Out of Argentina comes splendid entry into the piano-trio stakes. The three young protagonists, pianist Paula Shocron
, bassist Germán Lamonega and drummer Pablo Díaz
loom large on the Buenos Aires' creative music scene and have already made connections in NYC, resulting in Emptying The Self
(NendoDango Records, 2017) where William Parker
takes over the bass chair. Tensegridad
constitutes the sophomore offering from the SLD Trio and features an intriguing program containing originals from each band member, three jointly credited pieces and two off the beaten track covers.
Taking the road less travelled represents one of the group's main attributes. That applies to the covers as much as the collectives. In approaching Mal Waldron
's "Snake Out" Shocron evokes both Cecil Taylor
's clean articulation of evenly enunciated notes as well as the surging swells of McCoy Tyner
in his pomp. She does so while skating over a pulsing backdrop of chattering drums and throbbing bass. Such intensity makes the shimmering low key ending which showcases Lamonega's balance between beat and harmony all the more unexpected.
Their take on Charles Tolliver
's "Truth" is even more enigmatic, as Shocron's piano emerges full of rippling drama from a mélange of rustling, knocking and rubbing textures. Conversely some of the improvs suggest structural foundations, particularly in the staggered unison bursts which open the title cut, but also in the madcap martial gait of "Casa Rodante" which fuels mesmeric piano patterns and increasingly wayward accents. The concluding "Yeelen" adopts a more conversational outlook comprised of drum flurries, arco sighs and probing piano figures.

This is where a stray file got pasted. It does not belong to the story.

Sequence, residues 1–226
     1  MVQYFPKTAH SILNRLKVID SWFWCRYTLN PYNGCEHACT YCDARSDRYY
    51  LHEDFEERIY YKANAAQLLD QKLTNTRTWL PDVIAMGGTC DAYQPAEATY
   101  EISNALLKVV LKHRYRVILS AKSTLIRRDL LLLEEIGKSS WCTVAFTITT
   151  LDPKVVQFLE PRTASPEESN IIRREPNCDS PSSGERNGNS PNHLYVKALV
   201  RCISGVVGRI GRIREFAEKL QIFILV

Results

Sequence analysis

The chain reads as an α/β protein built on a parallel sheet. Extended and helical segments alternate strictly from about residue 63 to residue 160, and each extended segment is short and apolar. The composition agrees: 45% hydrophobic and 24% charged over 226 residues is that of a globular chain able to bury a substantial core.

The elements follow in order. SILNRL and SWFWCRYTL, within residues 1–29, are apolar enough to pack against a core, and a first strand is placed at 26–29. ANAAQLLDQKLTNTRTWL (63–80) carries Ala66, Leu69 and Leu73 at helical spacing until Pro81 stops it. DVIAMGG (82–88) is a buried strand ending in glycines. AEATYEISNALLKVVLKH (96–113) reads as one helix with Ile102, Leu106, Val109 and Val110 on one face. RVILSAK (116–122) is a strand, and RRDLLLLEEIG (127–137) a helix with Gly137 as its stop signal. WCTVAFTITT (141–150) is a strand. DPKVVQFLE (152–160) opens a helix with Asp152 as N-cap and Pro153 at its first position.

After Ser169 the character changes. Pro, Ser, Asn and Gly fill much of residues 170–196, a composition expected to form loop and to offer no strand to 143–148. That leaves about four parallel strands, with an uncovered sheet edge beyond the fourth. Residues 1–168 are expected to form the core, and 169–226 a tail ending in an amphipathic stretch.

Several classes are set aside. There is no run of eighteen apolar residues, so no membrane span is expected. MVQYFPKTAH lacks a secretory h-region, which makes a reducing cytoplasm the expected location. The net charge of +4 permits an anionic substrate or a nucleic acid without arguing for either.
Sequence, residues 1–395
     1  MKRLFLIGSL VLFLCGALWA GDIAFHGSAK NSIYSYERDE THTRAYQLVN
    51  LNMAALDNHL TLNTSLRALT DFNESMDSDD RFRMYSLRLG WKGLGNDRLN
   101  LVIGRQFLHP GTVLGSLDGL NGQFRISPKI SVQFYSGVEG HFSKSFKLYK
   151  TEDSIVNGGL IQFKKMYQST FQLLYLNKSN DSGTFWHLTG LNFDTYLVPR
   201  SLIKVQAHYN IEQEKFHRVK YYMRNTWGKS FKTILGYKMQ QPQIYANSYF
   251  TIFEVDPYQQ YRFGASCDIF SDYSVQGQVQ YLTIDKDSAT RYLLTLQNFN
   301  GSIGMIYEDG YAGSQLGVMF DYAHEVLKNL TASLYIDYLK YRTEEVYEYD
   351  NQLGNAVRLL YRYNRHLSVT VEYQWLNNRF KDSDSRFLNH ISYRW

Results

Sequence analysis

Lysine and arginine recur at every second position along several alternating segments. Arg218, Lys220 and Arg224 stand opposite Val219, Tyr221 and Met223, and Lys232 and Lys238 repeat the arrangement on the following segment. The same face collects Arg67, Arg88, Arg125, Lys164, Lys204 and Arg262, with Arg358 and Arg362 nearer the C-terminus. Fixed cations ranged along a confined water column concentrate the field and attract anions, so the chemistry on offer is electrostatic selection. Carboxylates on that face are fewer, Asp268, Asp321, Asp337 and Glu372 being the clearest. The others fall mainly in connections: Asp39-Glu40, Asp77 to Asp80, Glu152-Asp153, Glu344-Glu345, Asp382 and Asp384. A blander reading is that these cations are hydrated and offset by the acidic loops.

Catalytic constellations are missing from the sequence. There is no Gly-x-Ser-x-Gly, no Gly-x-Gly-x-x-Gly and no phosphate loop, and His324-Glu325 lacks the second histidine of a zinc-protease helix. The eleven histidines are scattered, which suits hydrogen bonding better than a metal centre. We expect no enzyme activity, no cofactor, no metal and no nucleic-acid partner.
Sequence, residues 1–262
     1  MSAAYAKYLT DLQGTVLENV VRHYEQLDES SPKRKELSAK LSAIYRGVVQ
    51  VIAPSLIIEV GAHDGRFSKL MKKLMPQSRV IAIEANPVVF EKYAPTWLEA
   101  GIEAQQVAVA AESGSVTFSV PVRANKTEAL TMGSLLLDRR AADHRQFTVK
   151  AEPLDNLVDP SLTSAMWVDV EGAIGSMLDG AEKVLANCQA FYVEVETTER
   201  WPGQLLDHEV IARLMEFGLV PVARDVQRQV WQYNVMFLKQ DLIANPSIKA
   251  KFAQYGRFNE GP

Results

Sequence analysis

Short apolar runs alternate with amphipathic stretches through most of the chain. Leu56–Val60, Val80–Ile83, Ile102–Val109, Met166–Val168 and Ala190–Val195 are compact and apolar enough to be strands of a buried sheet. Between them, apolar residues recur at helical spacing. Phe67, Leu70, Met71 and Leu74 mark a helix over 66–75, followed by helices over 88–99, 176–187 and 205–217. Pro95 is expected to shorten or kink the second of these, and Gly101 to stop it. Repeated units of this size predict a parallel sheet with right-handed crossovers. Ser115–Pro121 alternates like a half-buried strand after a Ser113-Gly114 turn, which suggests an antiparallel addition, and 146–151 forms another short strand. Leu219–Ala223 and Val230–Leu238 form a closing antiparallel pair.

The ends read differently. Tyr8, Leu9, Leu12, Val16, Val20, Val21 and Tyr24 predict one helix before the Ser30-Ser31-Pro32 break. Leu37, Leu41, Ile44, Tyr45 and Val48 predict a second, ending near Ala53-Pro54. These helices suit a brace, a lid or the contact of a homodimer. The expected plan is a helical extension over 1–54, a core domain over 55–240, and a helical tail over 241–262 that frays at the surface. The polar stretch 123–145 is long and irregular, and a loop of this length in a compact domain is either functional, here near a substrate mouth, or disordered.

Even the compositions boast that delicious sense of in-between-ness where things may not be quite what they seem, which makes repeated listening a pleasure if not an obligation. Lamonega's tenderly reflective intro to his own "Vera" presages animated interplay during which a minimalist influence becomes apparent in Shocron's insistent ringing tremolos, from which individual notes stand proud to trace out a melodic line, before closing with yet more honeyed bass work. Shocron's "Connie" recalls the darting off kilter lyricism of dedicatee, late pianist Connie Crothers
, while on "Universo Tiene Sentido" she recites a poem, helpfully translated in the liners, over tinkling percussion and resonant bass.
Throughout it all the threesome carves out a singular niche in what can at times be a hectic field.